Over the last few weeks we dove into Acts 2 to learn what an Acts 2 Church is, and then we applied that information to the ministries within the church. What does an Acts 2 Ministry look like? Five main points were:
- An Acts 2 Ministry is Consistent. It meets regularly, in expected ways, in order to establish new habits that will replace the old. It isn’t about creating a full calendar to make a ministry look big or successful, but rather about creating a full calendar that our members or those we serve can be intentional about carving time in their schedule to be in community with fellow believers. It also provides regular opportunities to invite others.
- An Acts 2 Ministry is a Teaching Ministry. This ministry teaches the women how to transform their minds to think to God’s ways first. Whether it be a devotional at the beginning of a fellowship event, Bible Studies, workshops, conferences, etc.
- An Acts 2 Ministry Fellowships with One Another. An Acts 2 Ministry isn’t about quick, once a week/month, check ins with each other. It is about building community, binding us to one another in deep connections, and walking through life with one another. The lone sheep is far more vulnerable to attack than the ones packed into a tight flock, under a Good Shepherd.
- An Acts 2 Ministry is a Praying Ministry. From the leadership down, an Acts 2 Ministry is united in prayer. As fellowship connects our lives, prayers allow us to worship God with each other. As we pray in thanksgiving for His blessings, as we cry out for His intervention, and when we stand in the gap… praying for those who have lost the words in their grief; prayer connects us to God and each other in a very personal way.
- An Acts 2 Ministry Worships Together. Not only by lifting our voices in song, but in our obedience, our prayers, our teaching, our fellowship… we are worshipping God together.
Something that stood out, as each point was developed, was this final component…
An Acts 2 Ministry is Led by Example.
Each of the five points begins with the leaders setting the example and the expectation.
Our leadership must be consistent. We can’t have a revolving door of leaders who try to reinvent our ministries every year. Leaders must also be meeting regularly to discuss the progress of the ministry, make plans, and keep each other focused and accountable on God’s purpose for the ministry. Leaders must be in consistent alignment with the church they serve under, and most importantly with God’s Word.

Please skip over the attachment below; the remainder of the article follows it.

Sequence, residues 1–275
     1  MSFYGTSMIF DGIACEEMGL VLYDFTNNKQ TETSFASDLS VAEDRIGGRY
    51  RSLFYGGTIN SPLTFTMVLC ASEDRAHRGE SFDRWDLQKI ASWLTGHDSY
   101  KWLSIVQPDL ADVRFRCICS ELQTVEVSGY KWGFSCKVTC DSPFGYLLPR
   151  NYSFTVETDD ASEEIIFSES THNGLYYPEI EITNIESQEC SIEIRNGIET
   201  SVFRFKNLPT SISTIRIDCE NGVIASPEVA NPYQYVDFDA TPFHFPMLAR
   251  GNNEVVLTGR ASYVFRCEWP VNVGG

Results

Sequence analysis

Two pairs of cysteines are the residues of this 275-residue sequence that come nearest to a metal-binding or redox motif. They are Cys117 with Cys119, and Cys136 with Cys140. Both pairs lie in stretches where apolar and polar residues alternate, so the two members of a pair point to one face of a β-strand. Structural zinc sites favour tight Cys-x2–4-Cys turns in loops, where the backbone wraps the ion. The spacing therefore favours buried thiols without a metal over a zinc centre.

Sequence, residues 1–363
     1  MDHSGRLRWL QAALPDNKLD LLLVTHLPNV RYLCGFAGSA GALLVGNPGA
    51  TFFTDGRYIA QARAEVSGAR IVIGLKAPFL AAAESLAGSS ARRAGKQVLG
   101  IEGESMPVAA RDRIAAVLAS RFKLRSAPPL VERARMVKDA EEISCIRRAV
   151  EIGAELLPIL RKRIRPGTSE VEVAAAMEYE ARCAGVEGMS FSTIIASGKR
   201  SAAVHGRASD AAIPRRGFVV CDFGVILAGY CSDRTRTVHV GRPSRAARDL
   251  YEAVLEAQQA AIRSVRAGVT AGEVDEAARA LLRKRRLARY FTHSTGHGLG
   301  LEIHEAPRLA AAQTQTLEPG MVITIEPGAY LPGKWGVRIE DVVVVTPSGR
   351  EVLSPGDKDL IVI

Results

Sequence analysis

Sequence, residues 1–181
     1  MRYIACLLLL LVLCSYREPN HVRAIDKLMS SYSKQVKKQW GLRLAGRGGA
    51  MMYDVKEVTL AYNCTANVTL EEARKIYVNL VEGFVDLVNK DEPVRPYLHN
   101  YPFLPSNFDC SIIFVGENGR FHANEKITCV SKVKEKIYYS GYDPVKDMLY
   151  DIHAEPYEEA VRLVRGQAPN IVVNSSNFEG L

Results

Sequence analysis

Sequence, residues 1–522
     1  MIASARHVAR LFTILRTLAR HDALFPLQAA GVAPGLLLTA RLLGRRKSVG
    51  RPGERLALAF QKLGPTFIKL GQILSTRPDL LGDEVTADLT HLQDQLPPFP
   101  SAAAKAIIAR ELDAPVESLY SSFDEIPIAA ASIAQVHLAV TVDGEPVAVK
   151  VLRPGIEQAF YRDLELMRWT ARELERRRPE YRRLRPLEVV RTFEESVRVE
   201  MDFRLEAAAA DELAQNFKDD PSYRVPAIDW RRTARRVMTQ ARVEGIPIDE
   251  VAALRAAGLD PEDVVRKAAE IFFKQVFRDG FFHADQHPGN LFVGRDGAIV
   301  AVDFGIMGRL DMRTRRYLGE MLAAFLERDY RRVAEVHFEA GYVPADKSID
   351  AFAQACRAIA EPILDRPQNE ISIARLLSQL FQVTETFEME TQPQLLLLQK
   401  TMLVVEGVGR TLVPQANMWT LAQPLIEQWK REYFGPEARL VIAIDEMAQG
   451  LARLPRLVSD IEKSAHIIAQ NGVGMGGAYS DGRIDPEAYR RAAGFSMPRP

Our leaders should be open to teaching. Either by teaching others, or a willingness to be students; sometimes both. Not everyone is called to teach the Word of God in front of a large classroom or small group. However, the Great Commission calls us to go out and make disciples and teach them. Every leader should have the ability to share the Word, whether it be in one on one conversations, participating or leading in small groups, or larger events/workshops. Some will be gifted to teach formal theology and some will be gifted to teach by example of living a Christ filled life.
Our leaders should be fellowshipping, with those they serve and with one another. The Disciples spent a lot of time with Jesus, but also with each other. In their fellowshipping, they were able to teach one another, rebuke one another, hold each other accountable. They loved each other like brothers, and even in their disputes reconciled. We set the example for Christian fellowship for others.
Our leaders should be praying. In our own personal lives, whether it is audible prayers or prayer journaling… again we are setting the expectation and the example. If this is an area where we lack confidence, we still set an example as we seek out ways to improve our prayer life & share with others how we have grown.
Finally, our leaders should ever be in a posture of worship. Others will watch how leaders respond when times are good, and even more so when times are difficult. I remember once going through a difficult time, and I had to make some hard decisions. A few days later, I was speaking with a friend who was aware of the situation, and she made a comment about seeing me at church that Sunday. She said that I walked as if a load had been lifted off my shoulders. She was trying to understand how in the midst of this chaos I seemed so unburdened by it. She saw something I didn’t even realize was apparent, and this created a beautiful opportunity to talk about faith and trust.. even in the trials and the storms.
Leaders, you are the tone… lead by examples… and set the expectations for those whom you are in charge. Lead well.